Folk Remedy- “Hot Toddy”

Remedy: a “hot toddy,” or warm drink consisting of tea, lemon, and “one shot to half of a shot” of whiskey.

The informant states that the above drink is supposed to be a remedy for the “cold, flu, or if you are feeling under the weather.” He learned this in childhood from many of the “elders” of his family or friends—“particularly the older generation of men”—who would suggest this as a remedy. The informant states that whether or not the remedy is used may “depend on how badly you feel” but is “kind of arbitrary”: you may use it “one time and not another.” The informant claims to have only used the remedy himself “two to three times” and didn’t really remember how well it worked, stating “maybe once it made me feel better, but I’m mostly guessing.”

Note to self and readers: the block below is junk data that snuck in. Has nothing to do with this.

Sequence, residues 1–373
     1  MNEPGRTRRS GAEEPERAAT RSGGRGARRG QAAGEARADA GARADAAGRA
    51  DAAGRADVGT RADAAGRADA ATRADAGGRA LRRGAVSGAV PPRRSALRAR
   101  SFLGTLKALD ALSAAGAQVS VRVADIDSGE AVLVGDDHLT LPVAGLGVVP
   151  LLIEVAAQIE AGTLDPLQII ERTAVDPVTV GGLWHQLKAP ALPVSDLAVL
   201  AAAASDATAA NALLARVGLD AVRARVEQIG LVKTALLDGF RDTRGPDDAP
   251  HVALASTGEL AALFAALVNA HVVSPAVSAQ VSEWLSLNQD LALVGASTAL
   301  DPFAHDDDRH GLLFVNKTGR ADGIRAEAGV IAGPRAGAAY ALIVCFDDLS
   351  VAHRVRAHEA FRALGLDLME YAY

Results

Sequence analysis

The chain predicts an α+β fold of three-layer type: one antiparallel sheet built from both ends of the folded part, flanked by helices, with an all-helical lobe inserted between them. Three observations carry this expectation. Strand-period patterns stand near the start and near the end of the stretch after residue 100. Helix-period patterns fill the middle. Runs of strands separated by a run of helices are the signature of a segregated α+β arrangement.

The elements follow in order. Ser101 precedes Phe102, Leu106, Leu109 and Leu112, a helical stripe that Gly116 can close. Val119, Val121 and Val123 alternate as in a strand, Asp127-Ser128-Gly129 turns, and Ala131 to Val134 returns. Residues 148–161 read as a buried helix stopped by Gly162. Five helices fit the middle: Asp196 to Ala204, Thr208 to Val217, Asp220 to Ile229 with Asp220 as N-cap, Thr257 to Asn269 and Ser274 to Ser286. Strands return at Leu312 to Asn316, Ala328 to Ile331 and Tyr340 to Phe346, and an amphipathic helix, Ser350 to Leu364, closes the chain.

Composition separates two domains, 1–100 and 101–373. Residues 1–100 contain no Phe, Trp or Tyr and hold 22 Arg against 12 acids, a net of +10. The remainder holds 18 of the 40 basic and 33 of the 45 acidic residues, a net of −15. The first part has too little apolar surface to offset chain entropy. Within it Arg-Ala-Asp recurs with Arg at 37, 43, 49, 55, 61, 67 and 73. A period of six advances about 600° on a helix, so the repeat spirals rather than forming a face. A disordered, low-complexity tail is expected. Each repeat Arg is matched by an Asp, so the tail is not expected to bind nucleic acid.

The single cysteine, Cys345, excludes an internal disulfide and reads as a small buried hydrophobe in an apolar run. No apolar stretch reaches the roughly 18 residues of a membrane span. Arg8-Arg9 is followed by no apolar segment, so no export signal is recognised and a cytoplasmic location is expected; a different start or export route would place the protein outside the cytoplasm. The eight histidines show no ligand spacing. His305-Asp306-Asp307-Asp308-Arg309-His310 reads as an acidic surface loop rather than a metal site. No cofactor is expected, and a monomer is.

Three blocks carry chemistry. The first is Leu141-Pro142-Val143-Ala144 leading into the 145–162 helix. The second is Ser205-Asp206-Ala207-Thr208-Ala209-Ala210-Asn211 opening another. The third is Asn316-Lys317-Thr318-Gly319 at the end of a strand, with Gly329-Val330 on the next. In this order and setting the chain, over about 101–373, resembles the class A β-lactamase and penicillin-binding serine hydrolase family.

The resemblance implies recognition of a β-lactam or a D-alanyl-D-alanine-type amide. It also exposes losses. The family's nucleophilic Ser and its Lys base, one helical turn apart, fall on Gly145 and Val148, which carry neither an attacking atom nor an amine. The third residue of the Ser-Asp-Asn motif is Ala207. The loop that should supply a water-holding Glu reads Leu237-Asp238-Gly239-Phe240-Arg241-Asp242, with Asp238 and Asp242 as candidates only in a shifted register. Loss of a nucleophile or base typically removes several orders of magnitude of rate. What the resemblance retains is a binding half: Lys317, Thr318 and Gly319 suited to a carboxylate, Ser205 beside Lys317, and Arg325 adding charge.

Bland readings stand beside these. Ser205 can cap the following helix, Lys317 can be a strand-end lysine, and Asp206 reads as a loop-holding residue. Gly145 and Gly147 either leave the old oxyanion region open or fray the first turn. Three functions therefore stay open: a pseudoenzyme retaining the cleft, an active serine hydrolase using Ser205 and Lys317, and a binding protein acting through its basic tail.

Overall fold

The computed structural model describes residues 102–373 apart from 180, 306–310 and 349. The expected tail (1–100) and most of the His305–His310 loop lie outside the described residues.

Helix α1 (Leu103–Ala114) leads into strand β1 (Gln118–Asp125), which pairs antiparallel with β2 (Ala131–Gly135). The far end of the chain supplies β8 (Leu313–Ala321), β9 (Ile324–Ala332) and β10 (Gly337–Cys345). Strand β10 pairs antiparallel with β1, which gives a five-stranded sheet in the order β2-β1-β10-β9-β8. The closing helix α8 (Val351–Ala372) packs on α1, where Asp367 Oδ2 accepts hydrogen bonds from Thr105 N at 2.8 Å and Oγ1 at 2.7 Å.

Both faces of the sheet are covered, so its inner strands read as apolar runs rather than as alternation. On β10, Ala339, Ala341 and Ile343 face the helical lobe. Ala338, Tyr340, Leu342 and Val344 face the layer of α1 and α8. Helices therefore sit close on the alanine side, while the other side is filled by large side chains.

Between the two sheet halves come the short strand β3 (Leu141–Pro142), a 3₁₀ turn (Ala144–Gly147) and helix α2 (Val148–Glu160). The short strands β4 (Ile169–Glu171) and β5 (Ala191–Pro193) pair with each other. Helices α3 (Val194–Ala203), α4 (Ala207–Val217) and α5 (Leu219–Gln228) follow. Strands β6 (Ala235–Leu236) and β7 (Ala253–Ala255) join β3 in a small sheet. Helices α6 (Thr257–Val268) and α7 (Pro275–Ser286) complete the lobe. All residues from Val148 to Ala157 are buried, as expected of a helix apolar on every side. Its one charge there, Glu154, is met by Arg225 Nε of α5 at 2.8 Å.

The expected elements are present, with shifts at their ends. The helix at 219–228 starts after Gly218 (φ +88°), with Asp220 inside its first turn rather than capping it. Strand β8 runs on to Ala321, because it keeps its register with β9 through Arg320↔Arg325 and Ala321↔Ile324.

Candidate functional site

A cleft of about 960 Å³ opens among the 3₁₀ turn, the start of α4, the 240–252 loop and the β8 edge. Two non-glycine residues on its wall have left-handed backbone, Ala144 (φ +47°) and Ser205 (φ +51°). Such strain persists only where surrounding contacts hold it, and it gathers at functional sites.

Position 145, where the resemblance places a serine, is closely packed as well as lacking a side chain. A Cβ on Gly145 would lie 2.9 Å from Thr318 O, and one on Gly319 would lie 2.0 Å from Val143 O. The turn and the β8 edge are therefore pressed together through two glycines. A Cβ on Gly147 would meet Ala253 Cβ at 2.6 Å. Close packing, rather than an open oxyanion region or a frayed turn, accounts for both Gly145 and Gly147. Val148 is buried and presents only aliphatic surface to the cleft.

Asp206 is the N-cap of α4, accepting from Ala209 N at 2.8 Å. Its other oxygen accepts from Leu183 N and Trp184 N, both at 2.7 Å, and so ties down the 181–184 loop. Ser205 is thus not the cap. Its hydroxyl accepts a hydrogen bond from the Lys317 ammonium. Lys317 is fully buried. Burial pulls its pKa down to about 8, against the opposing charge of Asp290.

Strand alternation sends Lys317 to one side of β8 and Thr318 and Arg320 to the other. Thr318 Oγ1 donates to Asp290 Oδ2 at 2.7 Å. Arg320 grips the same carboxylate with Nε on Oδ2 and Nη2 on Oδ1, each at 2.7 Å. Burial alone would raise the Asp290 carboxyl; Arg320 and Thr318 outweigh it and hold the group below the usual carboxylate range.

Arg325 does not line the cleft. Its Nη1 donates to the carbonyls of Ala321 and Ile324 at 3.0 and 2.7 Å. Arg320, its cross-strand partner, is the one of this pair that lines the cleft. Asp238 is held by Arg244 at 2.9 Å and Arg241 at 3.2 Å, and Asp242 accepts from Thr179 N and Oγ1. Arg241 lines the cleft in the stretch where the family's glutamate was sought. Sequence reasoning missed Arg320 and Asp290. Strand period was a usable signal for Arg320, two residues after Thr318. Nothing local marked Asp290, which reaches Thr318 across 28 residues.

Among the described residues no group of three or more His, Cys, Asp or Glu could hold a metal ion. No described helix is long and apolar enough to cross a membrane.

As can be seen from the statements of the informant, a medical doctor, he possessed no strong opinion either way as to the efficacy of  the “hot toddy” remedy. One thing that was interesting, however, was that he remarked that “there’s more of a tendency for those who have used it [in the past] to use it every time they feel under the weather,” which, though the informant didn’t explicitly make this accusation, may attest to the propensity of this drink to be used more for its whiskey content than for its specific salutary use for ailments. Similarly, the informant’s statement that it was the “older generation of men” who proposed this drink as a remedy makes one wonder whether the concept of a “hot toddy” might not have been used merely as a good way to make light of (as in a euphemism; cf. “grandpa’s old cough syrup”) or conceal one’s propensity for liquor consumption.